One of the weird things about blowing up during lockdown is that the internet suddenly introduces you to all kinds of audiences — exes included.
“I did a TikTok early in quarantine and Barstool Sports reposted it, and then I got a lot of texts from straight guys that I haven’t spoken to in years,” says the comedian Mary Beth Barone. “So that was a real full-circle moment. To get to be on their radar because of Barstool Sports. Never thought we would collab, but hey — the internet is a crazy place.”
Barone, chatting over Zoom from the house she grew up in in Connecticut, is a Manhattan-based comedian who has only been in the professional comedy game for a few years but who’s already made a name for herself in the space. She was chosen as one of Comedy Central’s Up Next in 2019, and in 2020 was named one of TimeOut NY’s Women of the Year and listed as a comedian to know by Vulture. Over the pandemic she has pivoted from stand up to TikTok, a Spotify podcast with Benito Skinner and more, and has now released a digital series on Comedy Central called “Drag His Ass: A F–kboy Treatment Program.”
Barone says it took her some time to adjust to the reality of life without stand-up when the pandemic first hit.
“Obviously not having stand-up is not the biggest loss of this pandemic, right, but for me it was so crazy to go from doing so many shows per week — I was performing five or six nights a week — to not being able to do any shows and be locked in at my parents’ house. No SoulCycle, no seeing friends, no grabbing coffee or drinks,” she says. “In some ways it was nice to have to figure out different ways of being creative, but I definitely miss stand-up and getting these tiny little pockets where I get to do it just makes me miss it more.”
She’s slowly been making her way back into small, outdoor live events and is finding them just as hard as before, with the added pressure of not being able to gauge audiences’ masked reactions.
“People were like, ‘Oh, stand-up will be easier because people are so starved for entertainment,’ but I think it’s just as hard as it’s always been. People aren’t going to laugh if they don’t think it’s funny,” she says. “People are wearing masks so you can’t really see their reactions and then laughs are a little bit muffled, but you just have to go at it with the same level of delusion and confidence that we had before. I think I am having more fun doing it because I miss it so much.…It’s good to really feel like I appreciate it.”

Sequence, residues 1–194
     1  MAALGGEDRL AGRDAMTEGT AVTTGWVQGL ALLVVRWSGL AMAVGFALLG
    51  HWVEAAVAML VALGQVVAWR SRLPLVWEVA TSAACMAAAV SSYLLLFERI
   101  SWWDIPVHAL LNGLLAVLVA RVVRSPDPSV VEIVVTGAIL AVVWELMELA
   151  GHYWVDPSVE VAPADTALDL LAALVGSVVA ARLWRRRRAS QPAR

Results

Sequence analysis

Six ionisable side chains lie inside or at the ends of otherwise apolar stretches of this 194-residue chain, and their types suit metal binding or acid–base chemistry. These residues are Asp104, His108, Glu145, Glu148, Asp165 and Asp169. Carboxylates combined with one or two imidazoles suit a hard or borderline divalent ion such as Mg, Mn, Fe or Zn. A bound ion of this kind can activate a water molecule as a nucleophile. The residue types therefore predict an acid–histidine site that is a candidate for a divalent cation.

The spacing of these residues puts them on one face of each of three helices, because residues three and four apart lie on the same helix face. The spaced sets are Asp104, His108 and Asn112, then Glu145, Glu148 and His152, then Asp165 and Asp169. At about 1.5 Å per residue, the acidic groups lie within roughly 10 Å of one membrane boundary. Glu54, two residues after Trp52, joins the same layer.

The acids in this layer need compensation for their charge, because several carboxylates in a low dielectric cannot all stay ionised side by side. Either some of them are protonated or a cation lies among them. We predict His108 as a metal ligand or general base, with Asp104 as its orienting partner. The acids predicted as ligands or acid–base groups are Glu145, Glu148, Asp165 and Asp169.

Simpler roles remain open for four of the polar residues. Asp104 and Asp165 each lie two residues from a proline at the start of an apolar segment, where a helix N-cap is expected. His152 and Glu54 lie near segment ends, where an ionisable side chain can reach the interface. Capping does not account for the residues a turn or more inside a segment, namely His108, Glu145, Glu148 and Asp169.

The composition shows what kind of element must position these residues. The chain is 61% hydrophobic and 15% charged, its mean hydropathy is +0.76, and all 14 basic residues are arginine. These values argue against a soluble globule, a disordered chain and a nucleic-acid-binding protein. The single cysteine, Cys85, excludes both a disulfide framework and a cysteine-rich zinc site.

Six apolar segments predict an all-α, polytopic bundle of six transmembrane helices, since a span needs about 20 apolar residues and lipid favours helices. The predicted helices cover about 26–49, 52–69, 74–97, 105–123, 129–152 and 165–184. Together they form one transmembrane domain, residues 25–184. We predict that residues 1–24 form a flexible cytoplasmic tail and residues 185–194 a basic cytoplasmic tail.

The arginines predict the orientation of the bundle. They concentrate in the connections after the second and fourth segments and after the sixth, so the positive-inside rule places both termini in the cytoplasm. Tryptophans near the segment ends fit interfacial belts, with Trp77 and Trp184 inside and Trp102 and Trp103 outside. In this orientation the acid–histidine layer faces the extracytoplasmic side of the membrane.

Barone is the youngest of six siblings, which is where she says her desire to entertain comes from.
“Being the youngest, I’ve always just wanted attention. I think that’s what got me to where I am now — that desire,” she says.
Her father had his own trajectory as a stand-up comedian, in New York in the ’70s, before becoming a surgeon.
“I’m sure he would’ve been successful at it, but then again I don’t know if they would’ve had six kids [if he were a comedian], so I’m grateful for the choice that he made,” she deadpans.
She had been living in New York for four years and was working at a start-up when she decided she wanted to have a hobby: improv fit the bill.
“After I did improv classes I was like, ‘you know what, I’m going to try to do stand-up. I’m just going to see how it goes.’ So I went to an open mic and I didn’t tell anyone except for one of my brothers, and I was like ‘if I bomb I’ll never do it again,’” she says. “And it was a two-minute open mic so I was onstage for only 120 seconds. But the minute I got off stage I was like, ‘OK, this is it. This is what I want to do.’”
That was in 2015; by the following year she began to pivot her lifestyle to incorporate more comedy, and has been a full-time comedian for almost two years now.
In addition to “Drag His Ass,” Barone is working on an original scripted half-hour comedy series, as well as a few other hush-hush projects. She says it’s both exciting and strange to be having a moment in the midst of the pandemic.
“I’m happy that things are moving forward even though I can’t perform live most of the time and it’s a lot of doing things from home, but it’s definitely something that takes getting used to,” she says. “There was a point where I was like, ‘OK, I’m going to archive all the pictures on my Instagram of my family, and just really make it about me being a comedian.’ I just got weirdly protective of my personal life, which is so contradictory to everything I do onstage because I’m talking about my life in intimate detail. But I think that the parts that I can control I’ve learned to appreciate more. It’s a bit of a balancing act. But it’s amazing. I can’t even really describe — it feels like things are happening.”
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